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# Re: MWFR for Multiple Gable Roof

• To: <seaint(--nospam--at)seaint.org>
• Subject: Re: MWFR for Multiple Gable Roof
• From: "Hasan Hindawi" <hasanh(--nospam--at)go.com.jo>
• Date: Thu, 8 Jul 1999 07:03:33 +0200

```The British Standard CP3:Chapter V, 1975 addresses how to estimate the wind
forces acting on this type of structure.

Hasan Hindawi

-----Original Message-----
From: JFISHER <jfisher(--nospam--at)clarknexsen.com>
To: seaint(--nospam--at)seaint.org <seaint(--nospam--at)seaint.org>
Date: Wednesday, July 07, 1999 11:54 PM
Subject: FWD: MWFR for Multiple Gable Roof

From: Jeff Fisher<jfisher(--nospam--at)clarknexsen.com>
To: seaint(--nospam--at)seaint.org
Subject :  MWFR for Multiple Gable Roof

I am working on a BOCA Building Code design of a large industrial building
with a multiple gable roof ( ^^^ ).  I am trying to determine the
main-wind-forces on the gables to determine the total lateral loads.  As far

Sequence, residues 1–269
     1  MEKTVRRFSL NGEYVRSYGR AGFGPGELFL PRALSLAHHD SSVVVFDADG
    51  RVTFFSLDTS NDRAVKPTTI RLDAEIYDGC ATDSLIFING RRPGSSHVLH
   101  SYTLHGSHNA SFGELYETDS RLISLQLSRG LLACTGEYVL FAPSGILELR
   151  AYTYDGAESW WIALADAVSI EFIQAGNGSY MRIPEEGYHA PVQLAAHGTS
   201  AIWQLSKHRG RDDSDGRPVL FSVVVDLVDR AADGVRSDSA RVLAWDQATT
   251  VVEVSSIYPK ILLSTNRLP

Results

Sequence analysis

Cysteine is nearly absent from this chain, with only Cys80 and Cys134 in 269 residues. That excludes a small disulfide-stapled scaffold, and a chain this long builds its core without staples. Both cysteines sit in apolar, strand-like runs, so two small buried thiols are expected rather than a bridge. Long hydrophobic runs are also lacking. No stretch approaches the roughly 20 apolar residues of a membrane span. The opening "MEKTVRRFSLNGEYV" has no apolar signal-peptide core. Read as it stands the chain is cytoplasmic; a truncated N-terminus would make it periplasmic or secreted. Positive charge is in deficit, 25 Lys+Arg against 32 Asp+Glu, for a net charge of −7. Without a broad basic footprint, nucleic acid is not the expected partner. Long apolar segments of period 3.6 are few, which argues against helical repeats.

as I can tell BOCA doesn't provide much guidance for this situation.  ASCE
7-95 addresses this situation for components and cladding but not for MWFR.
Initially, I thought I should use the external pressures for a single gable
roof and multiply that lateral load by 3 (3 gable roof) to get the total
lateral load on the roof, but that seems a bit conservative.

Details of roof: the roof consists of three gables in a row - starting at
the
edge of the building going 30 feet horizontally into the building is the
first ridge 17.5 feet above the edge (eave), going another 30 feet
horizontally into the building is the first valley at the same level as the
eave, going another 30 feet horizontally into the building is the second
ridge 17.5 feet above the valley, going another 30 feet horizontally into
the
building is the second valley, going another 30 feet horizontally into the
building is the third ridge, going another 30 feet horizontally into the
building is the other edge of the building (other eave).

If anyone can provide any information for me as far as how to analyze this
structure or where I can find information on how to analyze this structure,
I
would greatly appreciate it.  Thanks...

Jeff Fisher, E.I.T.

```